Cluster-based industrialization in China

Wall Street Journal article highlights past successes and future challenges

Source: IFPRI/Xiaobo Zhang
The Bestex Textile Company is trying to break its dependence on low-cost labor by investing more in equipment.

Despite the significant role of “clustering” in China’s rapid industrialization, the survival of millions of small manufacturers that follow this business model is threatened by rising wages and a stronger yen, according to a recent article in the Wall Street Journal.

Clustering—or the banding together of small businesses, which are part of the same industry, to specialize in one narrowly defined stage of production—has helped Chinese entrepreneurs overcome the hurdles to running a business in a state-dominated economy, said Xiaobo Zhang, an IFPRI research fellow who has studied extensively the contribution of clusters to rural development.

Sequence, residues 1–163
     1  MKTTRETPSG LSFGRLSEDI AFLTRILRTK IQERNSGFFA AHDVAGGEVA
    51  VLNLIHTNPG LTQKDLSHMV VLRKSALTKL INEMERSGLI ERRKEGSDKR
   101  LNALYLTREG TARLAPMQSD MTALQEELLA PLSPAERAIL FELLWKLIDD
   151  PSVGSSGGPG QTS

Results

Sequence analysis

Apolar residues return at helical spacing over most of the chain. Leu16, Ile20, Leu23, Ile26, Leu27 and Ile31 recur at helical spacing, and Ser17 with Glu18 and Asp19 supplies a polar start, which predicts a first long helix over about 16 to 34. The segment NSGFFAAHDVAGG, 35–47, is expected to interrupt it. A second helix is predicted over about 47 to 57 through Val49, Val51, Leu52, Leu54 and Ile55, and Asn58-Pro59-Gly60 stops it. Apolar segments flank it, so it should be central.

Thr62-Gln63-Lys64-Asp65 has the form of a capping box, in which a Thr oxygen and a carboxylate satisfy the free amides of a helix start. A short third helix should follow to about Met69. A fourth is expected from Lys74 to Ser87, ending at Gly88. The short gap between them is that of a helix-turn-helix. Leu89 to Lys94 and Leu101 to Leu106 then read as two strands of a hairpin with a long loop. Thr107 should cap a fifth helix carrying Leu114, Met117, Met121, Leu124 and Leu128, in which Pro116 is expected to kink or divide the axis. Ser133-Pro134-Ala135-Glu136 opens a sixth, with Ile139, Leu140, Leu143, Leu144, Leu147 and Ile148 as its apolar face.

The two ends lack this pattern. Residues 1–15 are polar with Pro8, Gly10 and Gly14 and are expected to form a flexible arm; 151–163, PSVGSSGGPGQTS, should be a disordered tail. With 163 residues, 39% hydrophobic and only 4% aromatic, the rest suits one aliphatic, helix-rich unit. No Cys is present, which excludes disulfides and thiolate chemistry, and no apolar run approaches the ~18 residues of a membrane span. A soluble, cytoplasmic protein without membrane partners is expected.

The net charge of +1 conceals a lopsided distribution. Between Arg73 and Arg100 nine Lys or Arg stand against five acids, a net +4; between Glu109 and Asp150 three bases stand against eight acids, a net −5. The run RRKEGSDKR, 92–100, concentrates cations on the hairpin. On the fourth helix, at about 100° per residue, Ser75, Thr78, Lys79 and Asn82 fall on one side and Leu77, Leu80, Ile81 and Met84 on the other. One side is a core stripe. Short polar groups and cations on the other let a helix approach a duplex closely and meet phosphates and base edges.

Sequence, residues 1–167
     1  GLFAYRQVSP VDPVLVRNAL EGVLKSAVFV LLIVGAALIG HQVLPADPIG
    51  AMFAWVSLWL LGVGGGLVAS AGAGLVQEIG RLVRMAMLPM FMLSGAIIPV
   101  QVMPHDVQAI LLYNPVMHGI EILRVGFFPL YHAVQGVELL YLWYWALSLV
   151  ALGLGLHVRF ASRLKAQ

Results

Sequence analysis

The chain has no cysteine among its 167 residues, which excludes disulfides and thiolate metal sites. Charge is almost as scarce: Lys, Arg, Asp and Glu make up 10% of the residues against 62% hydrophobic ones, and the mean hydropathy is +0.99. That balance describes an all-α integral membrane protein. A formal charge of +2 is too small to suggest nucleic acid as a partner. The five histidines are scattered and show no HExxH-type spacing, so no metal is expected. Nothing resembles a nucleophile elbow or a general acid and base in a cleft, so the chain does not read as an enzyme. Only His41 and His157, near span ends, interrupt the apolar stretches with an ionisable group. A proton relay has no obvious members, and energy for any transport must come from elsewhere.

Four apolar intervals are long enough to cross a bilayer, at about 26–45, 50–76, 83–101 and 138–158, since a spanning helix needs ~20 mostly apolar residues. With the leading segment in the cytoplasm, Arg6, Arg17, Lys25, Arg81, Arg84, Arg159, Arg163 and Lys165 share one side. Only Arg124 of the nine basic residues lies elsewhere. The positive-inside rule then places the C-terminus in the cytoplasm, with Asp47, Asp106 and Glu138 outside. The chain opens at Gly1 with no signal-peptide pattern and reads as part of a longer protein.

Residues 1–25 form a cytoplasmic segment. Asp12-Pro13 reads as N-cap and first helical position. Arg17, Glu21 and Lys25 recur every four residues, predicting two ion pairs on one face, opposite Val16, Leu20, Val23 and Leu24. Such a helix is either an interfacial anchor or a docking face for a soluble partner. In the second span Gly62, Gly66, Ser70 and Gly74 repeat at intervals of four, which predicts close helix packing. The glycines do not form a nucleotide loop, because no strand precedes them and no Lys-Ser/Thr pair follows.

The Journal’s Andrew Batson accompanied Zhang on a recent visit to China’s Zhejiang province to hear firsthand about the opportunities and challenges of rural industrial clusters.

“With production split up among many firms, each one can give credit to its customers and get credit from his suppliers, easing the burden of financing” and lowering the barriers to entry, explained Zhang in the article.

The effects of China’s rising wages and stronger currency, however, are challenging this once successful model. “The cluster-based model is labor intensive,” added Zhang. “The real question is whether it can survive in the new environment of labor scarcity and higher labor costs.”

To cope with the shortage of workers, many factories now recruit young married couples and provide them with individual apartments. Other businesses are instead turning to technology to reduce their labor needs.

“Right now is a critical transitional period. Some clusters will survive, some will collapse,” concluded Zhang.

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